Today is the Feast of St. Joseph the Worker, which is a feast day the Church initiated in by Pope Pius XII in 1955 as a counter-celebration to the communists’ May Day. Continue reading “What to celebrate?”
Today I listened to a talk given by a friend on the virtue of fortitude. The subject of this talk reminded me of Sandro Botticelli’s depiction of Fortitude (1470), which is in the Uffizi in Florence. While it’s displayed in a set with six other paintings of virtues, this panel is the only one in the cycle that was painted by Botticelli.
It has been suggested that Fortitude appears first in the series because her “gaze is intended to literally and figuratively watch over the other virtues as well as the viewers. Without strength, one can never fathom taking on the other six virtues.”
My friend’s talk centred on Josef Pieper’s analysis of fortitude in his book The Four Cardinal Virtues: Prudence, Justice, Fortitude, Temperance. In it, he discusses how “the virtue of fortitude protects a person from loving his life in such a way that he loses it.” This means that fortitude protects a person from attachment both to disordered affections but also to certain goods that are meant to be subordinated to higher ones. Continue reading “Fortitude – Endurance in clinging to the good”
“We have come to accept compulsory military service in peacetime for the sake of national security. Am I too bold in suggesting the idea of compulsory adult education in leisure time for the sake of spiritual security?” — Rabbi Abraham Joshua Heschel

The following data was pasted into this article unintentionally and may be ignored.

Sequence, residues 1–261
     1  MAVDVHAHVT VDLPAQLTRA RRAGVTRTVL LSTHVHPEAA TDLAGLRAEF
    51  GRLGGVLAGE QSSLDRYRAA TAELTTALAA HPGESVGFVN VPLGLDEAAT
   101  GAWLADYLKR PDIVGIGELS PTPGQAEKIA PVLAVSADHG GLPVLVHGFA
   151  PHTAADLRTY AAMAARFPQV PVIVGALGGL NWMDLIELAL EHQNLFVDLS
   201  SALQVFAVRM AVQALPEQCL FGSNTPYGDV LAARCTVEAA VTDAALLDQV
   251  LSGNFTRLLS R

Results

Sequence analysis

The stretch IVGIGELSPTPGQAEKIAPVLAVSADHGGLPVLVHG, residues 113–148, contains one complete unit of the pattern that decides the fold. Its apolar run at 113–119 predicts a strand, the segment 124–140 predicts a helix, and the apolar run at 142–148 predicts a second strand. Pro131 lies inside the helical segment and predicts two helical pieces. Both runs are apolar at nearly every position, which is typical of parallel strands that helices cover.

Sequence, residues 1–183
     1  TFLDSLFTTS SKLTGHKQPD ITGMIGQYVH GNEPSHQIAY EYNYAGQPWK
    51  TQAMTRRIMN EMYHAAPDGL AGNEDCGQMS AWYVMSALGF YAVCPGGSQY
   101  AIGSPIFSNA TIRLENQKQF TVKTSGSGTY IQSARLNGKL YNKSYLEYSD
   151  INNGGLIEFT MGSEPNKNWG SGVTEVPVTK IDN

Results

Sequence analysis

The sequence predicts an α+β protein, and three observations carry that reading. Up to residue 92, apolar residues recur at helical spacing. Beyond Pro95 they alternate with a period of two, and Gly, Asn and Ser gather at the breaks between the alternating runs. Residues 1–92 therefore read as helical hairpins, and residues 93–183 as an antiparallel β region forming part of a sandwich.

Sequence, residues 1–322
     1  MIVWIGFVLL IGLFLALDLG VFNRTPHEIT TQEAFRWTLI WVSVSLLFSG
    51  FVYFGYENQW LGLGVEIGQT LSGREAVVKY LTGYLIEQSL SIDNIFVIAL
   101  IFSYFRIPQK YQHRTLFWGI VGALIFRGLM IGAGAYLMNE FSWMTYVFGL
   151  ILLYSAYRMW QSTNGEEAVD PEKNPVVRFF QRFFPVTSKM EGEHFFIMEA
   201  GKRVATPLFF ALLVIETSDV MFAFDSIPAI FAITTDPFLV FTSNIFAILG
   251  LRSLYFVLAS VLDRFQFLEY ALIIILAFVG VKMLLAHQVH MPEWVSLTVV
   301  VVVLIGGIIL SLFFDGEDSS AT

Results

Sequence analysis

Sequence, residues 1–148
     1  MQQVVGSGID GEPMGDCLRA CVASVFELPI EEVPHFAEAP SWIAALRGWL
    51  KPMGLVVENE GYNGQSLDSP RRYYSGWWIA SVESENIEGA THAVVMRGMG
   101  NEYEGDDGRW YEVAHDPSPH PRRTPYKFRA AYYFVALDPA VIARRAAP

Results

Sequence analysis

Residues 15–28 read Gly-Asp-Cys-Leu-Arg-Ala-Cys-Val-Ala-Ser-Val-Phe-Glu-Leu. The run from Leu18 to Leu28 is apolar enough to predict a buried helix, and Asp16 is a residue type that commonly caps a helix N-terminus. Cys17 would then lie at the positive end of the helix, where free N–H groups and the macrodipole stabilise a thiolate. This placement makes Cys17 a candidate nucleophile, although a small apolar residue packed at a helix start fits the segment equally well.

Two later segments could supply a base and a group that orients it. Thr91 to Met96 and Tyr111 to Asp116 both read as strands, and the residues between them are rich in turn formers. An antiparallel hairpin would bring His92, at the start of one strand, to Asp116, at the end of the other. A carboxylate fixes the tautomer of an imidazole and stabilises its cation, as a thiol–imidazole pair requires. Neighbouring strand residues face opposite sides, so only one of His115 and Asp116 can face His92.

How do you spend your leisure?
I love this question. Continue reading “Our education in leisure”
“‘It would have been better to come back at the same hour,’ said the fox. ‘If, for example, you come at four o’clock in the afternoon, then at three o’clock I shall begin to be happy. I shall feel happier and happier as the hour advances. At four o’clock, I shall already be worrying and jumping about. I shall show you how happy I am! But if you come at just any time, I shall never know at what hour my heart is to be ready to greet you . . . One must observe the proper rites . . .'” — Antoine de Saint-Exupéry, The Little Prince
With everyone’s lives dramatically changed because of the pandemic, many are discussing – from joking (see tweets) to seriously weighing – how to give order and structure to our days in these unusual circumstances. Continue reading “The proper rites”
Many things come back to me in this season and today I recalled this excerpt from Josef Pieper’s memoir No One Could Have Known. In it, Pieper recalls, amidst his adventurous student days, making a thirty-day silent retreat.
What awaited me, as one of a group of fifteen to twenty companions was precisely that kind of “initiation” into adulthood that, at the age of twenty-one, I needed: reflection, in complete silence, on the fundamentals of my own existence. Often enough, when I tell people about this, they shake their heads in disbelief, or even in horror, and ask me how it was possible to endure that kind of thing, and for thirty days! Nowadays let no one dare suggest that youngsters should put up with even three days of silence! This timidity seems to me just as absurd as if one were to say to someone: Listen very carefully; but of course, if you want to, while you are doing it, you can look through a magazine or whistle a tune. ‘Reason’ comes from ‘perceiving’ and no one can perceive anything unless he is quiet; only the silent person can hear things.
One of my favourite spiritual writers and the recipient of the 2014 Templeton Prize is Czech priest and philosopher Tomáš Halík. His previous books have such evocative titles as: Patience with God: The Story of Zacchaeus Continuing In Us and Night of the Confessor: Christian Faith in an Age of Uncertainty.